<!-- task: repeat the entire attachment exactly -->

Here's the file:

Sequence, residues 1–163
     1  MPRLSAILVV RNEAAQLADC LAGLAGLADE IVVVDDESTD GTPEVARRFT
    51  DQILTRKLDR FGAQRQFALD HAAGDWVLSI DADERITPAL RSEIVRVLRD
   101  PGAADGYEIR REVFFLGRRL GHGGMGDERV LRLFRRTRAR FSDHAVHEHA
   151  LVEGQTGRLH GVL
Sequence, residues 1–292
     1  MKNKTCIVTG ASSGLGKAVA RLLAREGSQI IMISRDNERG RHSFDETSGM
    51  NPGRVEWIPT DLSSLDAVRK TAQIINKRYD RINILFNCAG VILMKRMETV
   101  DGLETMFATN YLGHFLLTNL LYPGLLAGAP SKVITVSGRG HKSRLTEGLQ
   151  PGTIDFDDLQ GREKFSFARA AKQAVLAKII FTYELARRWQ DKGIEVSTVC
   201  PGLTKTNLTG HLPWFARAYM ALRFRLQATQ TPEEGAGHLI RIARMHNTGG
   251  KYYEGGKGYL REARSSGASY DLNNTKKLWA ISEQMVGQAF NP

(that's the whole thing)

Sequence, residues 1–163
     1  MPRLSAILVV RNEAAQLADC LAGLAGLADE IVVVDDESTD GTPEVARRFT
    51  DQILTRKLDR FGAQRQFALD HAAGDWVLSI DADERITPAL RSEIVRVLRD
   101  PGAADGYEIR REVFFLGRRL GHGGMGDERV LRLFRRTRAR FSDHAVHEHA
   151  LVEGQTGRLH GVL
Sequence, residues 1–292
     1  MKNKTCIVTG ASSGLGKAVA RLLAREGSQI IMISRDNERG RHSFDETSGM
    51  NPGRVEWIPT DLSSLDAVRK TAQIINKRYD RINILFNCAG VILMKRMETV
   101  DGLETMFATN YLGHFLLTNL LYPGLLAGAP SKVITVSGRG HKSRLTEGLQ
   151  PGTIDFDDLQ GREKFSFARA AKQAVLAKII FTYELARRWQ DKGIEVSTVC
   201  PGLTKTNLTG HLPWFARAYM ALRFRLQATQ TPEEGAGHLI RIARMHNTGG
   251  KYYEGGKGYL REARSSGASY DLNNTKKLWA ISEQMVGQAF NP